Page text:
Vitamin D is essential to your good health, but like everything else, it should not be overdone! It is possible to experience a vitamin D overdose, especially since we actually need fairly low levels of vitamin D in our bodies to function.
Vitamin D overdose causes Hypervitaminosis D due to toxic levels in the body. It can be serious if the causes of the symptoms are not understood and intake of the vitamin stopped.
What causes of vitamin D overdose? Exposure to sunlight is the primary source of vitamin D, and as little as fifteen minutes of sunlight “therapy” three times a week is all you really need for your body to produce the vitamin D you need. You cannot overdose on vitamin D by getting too much sun, though, as your body only produces what you need.
You will probably also not experience a vitamin D overdose from food sources. Too many supplements are often to blame for excessive vitamin D intake, as your body cannot shut down the absorption of vitamins from supplements. This can cause the build up of vitamin D to toxic levels. Ironically, toxic levels of vitamin D are often the result of therapeutic prescription of the supplement due to an original deficiency – high levels may have been prescribed for patients with rickets, for instance.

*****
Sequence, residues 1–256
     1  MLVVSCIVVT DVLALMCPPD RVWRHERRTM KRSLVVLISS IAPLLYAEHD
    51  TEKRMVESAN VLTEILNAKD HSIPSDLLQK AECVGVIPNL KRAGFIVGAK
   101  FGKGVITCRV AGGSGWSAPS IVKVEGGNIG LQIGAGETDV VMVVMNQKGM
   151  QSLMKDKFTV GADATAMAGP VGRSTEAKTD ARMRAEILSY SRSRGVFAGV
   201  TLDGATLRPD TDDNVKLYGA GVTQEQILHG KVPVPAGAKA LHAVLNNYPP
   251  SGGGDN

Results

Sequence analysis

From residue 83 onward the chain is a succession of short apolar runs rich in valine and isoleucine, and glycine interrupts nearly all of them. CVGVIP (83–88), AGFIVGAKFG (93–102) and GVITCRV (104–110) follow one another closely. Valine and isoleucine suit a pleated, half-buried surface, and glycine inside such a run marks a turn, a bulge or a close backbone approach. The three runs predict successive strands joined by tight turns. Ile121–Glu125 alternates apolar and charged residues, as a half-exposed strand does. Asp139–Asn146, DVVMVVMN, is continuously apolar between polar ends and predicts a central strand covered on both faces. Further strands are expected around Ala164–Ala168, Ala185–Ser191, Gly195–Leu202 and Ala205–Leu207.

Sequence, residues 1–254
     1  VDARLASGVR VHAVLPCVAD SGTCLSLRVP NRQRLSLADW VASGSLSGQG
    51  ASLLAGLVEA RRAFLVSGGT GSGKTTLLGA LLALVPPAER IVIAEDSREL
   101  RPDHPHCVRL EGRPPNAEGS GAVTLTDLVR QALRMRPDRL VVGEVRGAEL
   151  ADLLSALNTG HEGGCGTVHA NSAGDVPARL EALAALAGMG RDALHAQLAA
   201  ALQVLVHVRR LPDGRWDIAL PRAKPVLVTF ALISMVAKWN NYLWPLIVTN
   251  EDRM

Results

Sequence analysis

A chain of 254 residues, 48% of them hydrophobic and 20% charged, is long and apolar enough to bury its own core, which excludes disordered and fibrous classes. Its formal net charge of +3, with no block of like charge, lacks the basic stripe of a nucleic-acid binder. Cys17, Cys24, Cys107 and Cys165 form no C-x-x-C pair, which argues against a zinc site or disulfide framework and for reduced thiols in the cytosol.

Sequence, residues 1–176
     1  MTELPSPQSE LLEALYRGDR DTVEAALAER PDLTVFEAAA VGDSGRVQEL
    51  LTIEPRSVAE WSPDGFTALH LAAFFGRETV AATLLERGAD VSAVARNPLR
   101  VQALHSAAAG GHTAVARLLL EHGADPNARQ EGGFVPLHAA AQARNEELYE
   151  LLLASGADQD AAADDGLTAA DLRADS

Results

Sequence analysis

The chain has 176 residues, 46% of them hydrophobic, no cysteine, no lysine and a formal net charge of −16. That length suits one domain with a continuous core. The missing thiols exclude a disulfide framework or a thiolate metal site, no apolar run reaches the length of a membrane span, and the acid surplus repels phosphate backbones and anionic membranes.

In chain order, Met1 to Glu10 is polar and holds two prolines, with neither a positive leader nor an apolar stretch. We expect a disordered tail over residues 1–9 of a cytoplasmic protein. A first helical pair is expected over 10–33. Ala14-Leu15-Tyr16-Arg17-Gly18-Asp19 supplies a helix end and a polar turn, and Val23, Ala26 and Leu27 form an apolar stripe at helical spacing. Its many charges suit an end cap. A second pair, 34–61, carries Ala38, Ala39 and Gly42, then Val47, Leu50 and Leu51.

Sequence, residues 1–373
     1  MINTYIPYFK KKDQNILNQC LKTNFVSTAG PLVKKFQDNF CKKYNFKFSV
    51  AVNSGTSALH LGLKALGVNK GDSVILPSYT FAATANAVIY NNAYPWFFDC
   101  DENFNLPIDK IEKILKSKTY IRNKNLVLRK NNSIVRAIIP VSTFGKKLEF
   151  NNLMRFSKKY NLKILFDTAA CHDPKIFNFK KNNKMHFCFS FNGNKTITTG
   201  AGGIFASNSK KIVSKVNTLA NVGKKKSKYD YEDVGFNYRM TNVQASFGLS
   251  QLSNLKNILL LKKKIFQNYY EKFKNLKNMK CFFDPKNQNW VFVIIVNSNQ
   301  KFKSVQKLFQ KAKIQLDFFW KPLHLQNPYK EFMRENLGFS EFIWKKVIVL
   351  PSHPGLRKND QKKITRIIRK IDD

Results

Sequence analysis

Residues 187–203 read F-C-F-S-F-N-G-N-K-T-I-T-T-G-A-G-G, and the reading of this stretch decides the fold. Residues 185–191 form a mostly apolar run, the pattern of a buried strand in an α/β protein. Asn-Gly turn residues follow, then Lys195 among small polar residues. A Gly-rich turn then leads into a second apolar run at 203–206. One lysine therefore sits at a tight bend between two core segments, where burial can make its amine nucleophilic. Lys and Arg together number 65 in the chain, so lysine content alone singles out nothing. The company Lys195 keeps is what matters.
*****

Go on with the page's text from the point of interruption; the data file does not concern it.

A vitamin D overdose is never the result of a single high dose, rather the levels of toxicity in the body builds up in the body’s fat cells over time. Most nutrients that we consume too much of, the body simply gets rid of; however, with vitamin D it has no such mechanism, but stores the excess in the fat cells. It is the stored vitamin D that eventually leads to toxic amounts in your body.
The upper intake levels for babies are 25 micrograms, while for older children and adults, 50 micrograms per day are sufficient. Children will suffer from toxicity more quickly than adults.
What are the health risks of a vitamin D overdose?
1 Because vitamin D has primarily the function of encouraging calcium absorption, high levels of calcium in the blood is possible. This could lead to excessive calcium in the intestinal tract.
2 High levels of phosphate and calcium in the lungs, heart and kidneys, which can damage your organs permanently.
3 Loss of appetite, nausea, vomiting and weight loss.
4 High levels in the kidneys can lead to kidney stones, renal failure and excessive production of urine.
5 If you are pregnant, a vitamin D overdose can cause deformities in your baby.
6 Other symptoms include bone pain, fatigue, excessive thirst and dehydration, itchy skin and deafness.
An overdose can be treated by simply stopping the intake of supplements, and lowering the amount of calcium you ingest until the symptoms stop.
Always consult your doctor before taking vitamin supplements, and in the case of vitamin D, when you get a lot of sun exposure, you will probably not need to take vitamin D supplements at all. Vitamin D in the correct amounts is essential to good health.
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